Kirk calls aid key to solving other problems
WASHINGTON�A delegation of U.S. legislators is in talks with North Korea about a possible visit to the tightly closed country, U.S. Rep. Mark Kirk told RFA�s Korean service. �I think this aid can open the door for solving political problems,� he said.
�If we reach an agreement on visiting North Korea, we will discuss measures of expanding food provisions, supporting hospitals and medical resources, and providing help in the agricultural area,� Kirk, a Republican from Illinois, said in an interview.
How many members of the U.S. Congress would visit North Korea, where they would go, and when have yet to be decided, Kirk said.
�We are in the process of discussing the issue of visiting North Korea to talk about such issues. Private companies in the Chicago area where I work and many Korean-Americans are willing to participate,� he said. �I think this aid can open the door for solving political problems. And more contact should be promoted between the two nations, whether at the governmental level or the private level.�
�Humanitarian help is the only purpose of the visit to North Korea. I have been working on aid since 1996, and I have personally visited North Korea. This is very important in my political activities,� he said. �Children in North Korea are waiting for help from the international community. We should not ignore the kids because of political reasons.�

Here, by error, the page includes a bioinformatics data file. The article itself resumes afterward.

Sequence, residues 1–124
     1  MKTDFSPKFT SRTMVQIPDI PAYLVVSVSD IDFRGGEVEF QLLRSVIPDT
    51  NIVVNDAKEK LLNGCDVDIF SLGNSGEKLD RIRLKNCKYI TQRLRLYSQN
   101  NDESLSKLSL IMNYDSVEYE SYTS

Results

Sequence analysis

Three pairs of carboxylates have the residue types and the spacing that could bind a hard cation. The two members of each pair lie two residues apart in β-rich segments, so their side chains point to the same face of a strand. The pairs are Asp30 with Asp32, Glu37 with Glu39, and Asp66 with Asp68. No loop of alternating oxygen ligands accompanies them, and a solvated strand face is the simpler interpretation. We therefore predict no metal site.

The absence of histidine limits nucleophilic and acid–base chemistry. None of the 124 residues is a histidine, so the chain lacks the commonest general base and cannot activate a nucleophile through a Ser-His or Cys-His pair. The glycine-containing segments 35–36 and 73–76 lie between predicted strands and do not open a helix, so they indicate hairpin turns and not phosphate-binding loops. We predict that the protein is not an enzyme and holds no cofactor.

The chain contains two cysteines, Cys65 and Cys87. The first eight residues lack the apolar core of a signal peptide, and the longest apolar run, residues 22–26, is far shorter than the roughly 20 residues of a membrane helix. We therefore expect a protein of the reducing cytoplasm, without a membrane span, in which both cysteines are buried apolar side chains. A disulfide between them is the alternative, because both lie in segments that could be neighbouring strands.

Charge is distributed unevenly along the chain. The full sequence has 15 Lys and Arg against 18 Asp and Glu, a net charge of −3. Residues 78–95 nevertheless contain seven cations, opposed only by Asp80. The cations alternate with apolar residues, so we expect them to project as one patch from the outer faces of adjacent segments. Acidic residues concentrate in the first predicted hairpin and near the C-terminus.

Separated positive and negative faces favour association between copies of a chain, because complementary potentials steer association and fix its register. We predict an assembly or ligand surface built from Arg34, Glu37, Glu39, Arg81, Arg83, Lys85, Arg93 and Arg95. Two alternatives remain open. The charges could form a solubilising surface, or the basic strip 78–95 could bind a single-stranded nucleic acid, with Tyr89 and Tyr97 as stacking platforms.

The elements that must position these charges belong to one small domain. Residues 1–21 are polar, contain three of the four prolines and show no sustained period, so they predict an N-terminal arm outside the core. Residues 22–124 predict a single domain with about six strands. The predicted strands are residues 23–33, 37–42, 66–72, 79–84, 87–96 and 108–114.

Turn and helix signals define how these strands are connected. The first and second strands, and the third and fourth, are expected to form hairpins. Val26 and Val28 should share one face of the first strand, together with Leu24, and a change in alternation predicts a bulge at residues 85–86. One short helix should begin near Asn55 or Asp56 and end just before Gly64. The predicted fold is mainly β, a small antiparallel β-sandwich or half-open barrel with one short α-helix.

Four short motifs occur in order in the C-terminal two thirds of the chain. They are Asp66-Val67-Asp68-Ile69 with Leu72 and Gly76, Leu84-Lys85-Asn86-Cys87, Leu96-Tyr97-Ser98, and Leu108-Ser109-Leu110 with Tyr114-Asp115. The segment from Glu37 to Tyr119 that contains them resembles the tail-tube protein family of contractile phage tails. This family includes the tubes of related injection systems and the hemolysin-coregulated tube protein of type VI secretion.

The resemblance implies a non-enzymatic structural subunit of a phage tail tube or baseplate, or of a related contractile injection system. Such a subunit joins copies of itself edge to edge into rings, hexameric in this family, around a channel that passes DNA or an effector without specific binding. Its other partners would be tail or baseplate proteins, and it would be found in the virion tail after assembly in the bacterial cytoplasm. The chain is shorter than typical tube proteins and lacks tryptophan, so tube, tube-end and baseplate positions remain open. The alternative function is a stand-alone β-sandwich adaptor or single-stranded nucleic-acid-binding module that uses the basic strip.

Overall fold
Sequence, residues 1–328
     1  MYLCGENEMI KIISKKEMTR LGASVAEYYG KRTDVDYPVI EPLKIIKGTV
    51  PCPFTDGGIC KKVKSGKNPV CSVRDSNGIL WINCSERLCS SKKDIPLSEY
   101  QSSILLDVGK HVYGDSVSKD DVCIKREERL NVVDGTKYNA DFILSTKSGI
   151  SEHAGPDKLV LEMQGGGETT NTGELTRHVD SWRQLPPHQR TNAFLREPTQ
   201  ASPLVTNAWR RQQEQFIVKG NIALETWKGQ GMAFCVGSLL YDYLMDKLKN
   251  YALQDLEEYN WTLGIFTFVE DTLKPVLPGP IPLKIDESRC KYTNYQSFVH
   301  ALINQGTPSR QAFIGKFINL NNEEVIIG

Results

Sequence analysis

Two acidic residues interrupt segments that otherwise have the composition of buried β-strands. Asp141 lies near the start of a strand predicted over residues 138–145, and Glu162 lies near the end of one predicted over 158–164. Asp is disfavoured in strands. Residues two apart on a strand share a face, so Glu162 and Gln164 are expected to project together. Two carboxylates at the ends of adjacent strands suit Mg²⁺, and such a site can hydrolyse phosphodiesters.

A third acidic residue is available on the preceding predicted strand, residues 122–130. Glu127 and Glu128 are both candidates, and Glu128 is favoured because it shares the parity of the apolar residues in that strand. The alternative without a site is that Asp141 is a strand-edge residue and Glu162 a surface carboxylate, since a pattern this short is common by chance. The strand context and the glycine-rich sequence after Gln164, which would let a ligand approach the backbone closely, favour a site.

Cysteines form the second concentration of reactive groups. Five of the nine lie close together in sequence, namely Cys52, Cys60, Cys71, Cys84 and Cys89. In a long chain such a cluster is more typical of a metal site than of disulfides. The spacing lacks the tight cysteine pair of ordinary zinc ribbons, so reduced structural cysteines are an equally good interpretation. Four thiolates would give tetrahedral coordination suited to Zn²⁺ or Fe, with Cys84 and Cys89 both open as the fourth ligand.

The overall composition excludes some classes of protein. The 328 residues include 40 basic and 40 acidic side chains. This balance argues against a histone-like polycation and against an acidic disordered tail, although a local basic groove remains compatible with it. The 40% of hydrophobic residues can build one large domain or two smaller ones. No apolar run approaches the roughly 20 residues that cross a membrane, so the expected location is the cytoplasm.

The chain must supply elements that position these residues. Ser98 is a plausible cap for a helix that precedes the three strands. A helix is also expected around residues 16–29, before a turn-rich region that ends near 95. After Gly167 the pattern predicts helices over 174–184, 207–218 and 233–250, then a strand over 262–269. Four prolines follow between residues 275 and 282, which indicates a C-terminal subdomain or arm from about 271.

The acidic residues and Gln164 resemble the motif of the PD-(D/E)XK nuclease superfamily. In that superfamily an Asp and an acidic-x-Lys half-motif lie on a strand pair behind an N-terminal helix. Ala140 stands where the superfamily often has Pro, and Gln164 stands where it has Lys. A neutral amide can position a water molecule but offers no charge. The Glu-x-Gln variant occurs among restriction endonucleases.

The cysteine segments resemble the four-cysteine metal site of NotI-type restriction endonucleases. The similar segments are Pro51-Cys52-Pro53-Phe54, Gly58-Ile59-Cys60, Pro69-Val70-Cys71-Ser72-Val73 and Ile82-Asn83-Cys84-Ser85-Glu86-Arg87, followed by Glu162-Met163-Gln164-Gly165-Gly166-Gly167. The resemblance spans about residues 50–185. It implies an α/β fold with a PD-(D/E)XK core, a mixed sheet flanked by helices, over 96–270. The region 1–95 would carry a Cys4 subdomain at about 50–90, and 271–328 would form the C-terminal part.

In addition to its chronic food and fuel shortages, North Korea has been struggling in recent weeks to cope with casualties from a deadly train explosion near the Chinese border.
Pyongyang recently accepted U.S. $100,000 in American medical aid for victims of the blast. At least 160 people were killed and 1,300 injured in the April 22 explosion in Ryongchon.
North Korean media blame the explosion on electric cables that ignited explosive chemicals and oil being transported on a passing train. North Korean state media say the explosion also destroyed 30 public buildings and at least 8,100 homes.
Many other countries have responded to the accident, including South Korea, Russia, China, Australia, Germany and Japan.
South Korea and the United States have been frozen in a standoff over North Korea's nuclear weapons program since October 2002, when Washington accused Pyongyang of breaking a 1994 nuclear freeze by launching a secret weapons drive
�I am very interested in food aid to North Korea,� Kirk said. �I also had a discussion with President [George] Bush on the issue, explaining that the food provisions should not be discontinued. This plan to visit North Korea came from consultation with other government officials. It has been well explained to North Korea that the only purpose of the visit is humanitarian help, which has no relation to political activities. And North Korea also understood this point very well.�
Kirk represents the 10th Congressional District of Illinois located in the suburbs north of Chicago. He is a member of the powerful House Appropriations Committee and serves on three of its subcommittees: Foreign Operations, Commerce/Justice/State, and Legislative Branch. #####